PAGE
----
- Concerns over labour-shortage issues growing as supply chain pressures recede
- Businesses remain optimistic about their 12-month outlook
- Bank of Canada rate hikes triggering debt worries, softening expected demand and economic backdrop in 2023
While global supply chain pressures have shown signs of easing, more businesses reported challenges when it comes to recruiting and retaining skilled employees, according to the Q3 release of the Canadian Survey on Business Conditions. Over two thirds of businesses were still at least somewhat optimistic about the outlook for the next year. But the share expecting an increase in profitability or employment count over the next three months edged lower, relative to Q2.
Concerns about labour supply were also especially acute among businesses operating in recreation and leisure services, where the employment shortfall relative to pre-pandemic remains large. But despite the challenges, only 11% of all businesses suggested at least some likelihood for adopting automation and digital technologies to reduce hiring needs.
Around 47% of all businesses were still reporting rising input costs as a key challenge. But that was down slightly from Q2. The amount of businesses reporting difficulties in acquiring inputs (domestically and from abroad) and maintaining inventories also dropped, in line with falling commodity prices and persistent moderation in supply chain conditions in recent months. Over the next quarter, more businesses expected supply chain challenges to remain unchanged or even improve, and their own selling prices to keep steady.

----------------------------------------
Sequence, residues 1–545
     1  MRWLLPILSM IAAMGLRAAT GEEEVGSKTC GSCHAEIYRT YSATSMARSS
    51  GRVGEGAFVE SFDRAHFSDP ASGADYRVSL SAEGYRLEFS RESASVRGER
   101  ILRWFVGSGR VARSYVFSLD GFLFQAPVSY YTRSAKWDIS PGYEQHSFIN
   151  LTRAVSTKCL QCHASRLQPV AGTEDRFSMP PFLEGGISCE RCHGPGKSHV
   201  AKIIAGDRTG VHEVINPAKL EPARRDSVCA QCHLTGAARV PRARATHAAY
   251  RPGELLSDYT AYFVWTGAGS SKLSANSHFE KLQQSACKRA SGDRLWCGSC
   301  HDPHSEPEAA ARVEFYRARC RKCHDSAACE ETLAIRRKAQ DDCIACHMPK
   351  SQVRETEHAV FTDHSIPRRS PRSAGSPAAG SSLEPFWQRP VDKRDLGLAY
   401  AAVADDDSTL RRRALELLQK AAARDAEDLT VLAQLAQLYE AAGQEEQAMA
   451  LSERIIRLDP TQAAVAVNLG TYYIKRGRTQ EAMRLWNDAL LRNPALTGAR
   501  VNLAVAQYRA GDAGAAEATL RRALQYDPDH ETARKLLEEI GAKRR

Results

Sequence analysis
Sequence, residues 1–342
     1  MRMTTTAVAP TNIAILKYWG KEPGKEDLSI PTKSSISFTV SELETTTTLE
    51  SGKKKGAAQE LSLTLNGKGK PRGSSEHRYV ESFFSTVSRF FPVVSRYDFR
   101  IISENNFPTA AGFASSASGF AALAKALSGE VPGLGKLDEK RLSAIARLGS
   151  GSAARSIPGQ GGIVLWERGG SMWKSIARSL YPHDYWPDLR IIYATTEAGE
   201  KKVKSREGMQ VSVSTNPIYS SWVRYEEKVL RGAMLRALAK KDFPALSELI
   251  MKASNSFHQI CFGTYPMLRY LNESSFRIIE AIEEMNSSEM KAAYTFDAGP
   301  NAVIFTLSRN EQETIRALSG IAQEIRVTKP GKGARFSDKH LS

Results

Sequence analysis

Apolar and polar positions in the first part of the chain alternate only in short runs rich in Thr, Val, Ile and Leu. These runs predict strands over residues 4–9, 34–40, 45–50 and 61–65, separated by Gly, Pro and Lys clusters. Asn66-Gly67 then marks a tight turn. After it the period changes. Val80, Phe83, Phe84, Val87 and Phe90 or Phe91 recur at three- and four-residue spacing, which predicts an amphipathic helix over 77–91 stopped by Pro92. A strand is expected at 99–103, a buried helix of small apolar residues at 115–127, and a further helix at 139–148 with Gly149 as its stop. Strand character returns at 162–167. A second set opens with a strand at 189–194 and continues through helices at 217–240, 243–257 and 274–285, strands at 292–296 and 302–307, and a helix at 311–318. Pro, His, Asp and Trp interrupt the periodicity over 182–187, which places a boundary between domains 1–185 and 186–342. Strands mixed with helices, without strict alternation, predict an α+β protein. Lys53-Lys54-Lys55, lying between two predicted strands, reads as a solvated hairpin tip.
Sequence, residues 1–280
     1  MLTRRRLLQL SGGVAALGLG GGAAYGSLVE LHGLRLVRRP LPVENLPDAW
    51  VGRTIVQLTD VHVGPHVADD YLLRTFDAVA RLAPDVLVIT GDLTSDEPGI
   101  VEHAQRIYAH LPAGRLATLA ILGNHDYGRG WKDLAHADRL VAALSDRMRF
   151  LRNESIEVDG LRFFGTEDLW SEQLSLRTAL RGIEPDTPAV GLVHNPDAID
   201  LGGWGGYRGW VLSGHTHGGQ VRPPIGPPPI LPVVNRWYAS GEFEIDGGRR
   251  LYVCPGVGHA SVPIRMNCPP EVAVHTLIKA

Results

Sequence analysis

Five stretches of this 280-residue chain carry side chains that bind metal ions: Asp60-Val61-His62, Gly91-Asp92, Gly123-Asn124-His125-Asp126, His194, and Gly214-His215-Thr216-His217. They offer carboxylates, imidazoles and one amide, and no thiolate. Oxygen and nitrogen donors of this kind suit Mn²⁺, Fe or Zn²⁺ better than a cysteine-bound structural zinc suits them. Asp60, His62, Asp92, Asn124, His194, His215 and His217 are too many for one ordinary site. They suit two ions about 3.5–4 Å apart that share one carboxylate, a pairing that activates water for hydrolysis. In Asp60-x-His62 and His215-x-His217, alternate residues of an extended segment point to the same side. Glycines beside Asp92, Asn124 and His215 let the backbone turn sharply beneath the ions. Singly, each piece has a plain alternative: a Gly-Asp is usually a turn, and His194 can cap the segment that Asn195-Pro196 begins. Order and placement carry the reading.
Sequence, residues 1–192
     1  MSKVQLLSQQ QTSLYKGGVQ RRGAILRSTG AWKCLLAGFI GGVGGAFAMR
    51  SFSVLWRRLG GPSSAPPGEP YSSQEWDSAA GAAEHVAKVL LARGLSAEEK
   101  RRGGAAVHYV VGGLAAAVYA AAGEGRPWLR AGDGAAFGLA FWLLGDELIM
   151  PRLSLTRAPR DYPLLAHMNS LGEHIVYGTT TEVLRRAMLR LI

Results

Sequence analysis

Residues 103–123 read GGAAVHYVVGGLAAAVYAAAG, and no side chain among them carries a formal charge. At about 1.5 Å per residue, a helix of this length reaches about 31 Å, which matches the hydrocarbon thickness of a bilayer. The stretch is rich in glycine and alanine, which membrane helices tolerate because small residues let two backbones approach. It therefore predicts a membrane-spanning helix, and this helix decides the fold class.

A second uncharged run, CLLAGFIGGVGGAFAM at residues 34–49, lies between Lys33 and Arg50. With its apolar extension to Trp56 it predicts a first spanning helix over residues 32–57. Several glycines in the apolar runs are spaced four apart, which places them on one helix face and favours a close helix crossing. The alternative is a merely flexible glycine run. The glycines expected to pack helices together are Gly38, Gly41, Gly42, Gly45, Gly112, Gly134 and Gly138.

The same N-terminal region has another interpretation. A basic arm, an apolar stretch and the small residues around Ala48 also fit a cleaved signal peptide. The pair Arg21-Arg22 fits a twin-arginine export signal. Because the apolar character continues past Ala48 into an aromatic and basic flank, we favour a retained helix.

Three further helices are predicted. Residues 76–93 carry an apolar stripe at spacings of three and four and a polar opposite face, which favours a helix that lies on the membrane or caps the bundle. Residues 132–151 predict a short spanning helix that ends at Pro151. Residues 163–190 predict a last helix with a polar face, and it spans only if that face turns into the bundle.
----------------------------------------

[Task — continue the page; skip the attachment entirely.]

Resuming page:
Still-solid recent spending trends for both goods and services meant concerns about insufficient or fluctuations in consumer demand continued to decline. Still the outlook isn’t exactly rosy. More than a third of businesses surveyed were feeling the pinch from central bank rate hikes and were concerned about rising debt costs. Going forward, supply chain pressures should further recede. In addition, both price growth and consumer demand should show more slowing, following incoming Bank of Canada interest rate hikes to 3.5% by the end of October as we expect. That should alleviate some of the pressure in the labour markets, before leading to a more significant softening in the economic backdrop, and rising unemployment, in 2023.
This article was published by RBC Economics. For more economic research, visit rbc.com/economics
Claire Fan is an economist at RBC. She focuses on macroeconomic trends and is responsible for projecting key indicators on GDP, labour markets as well as inflation for both Canada and the US.
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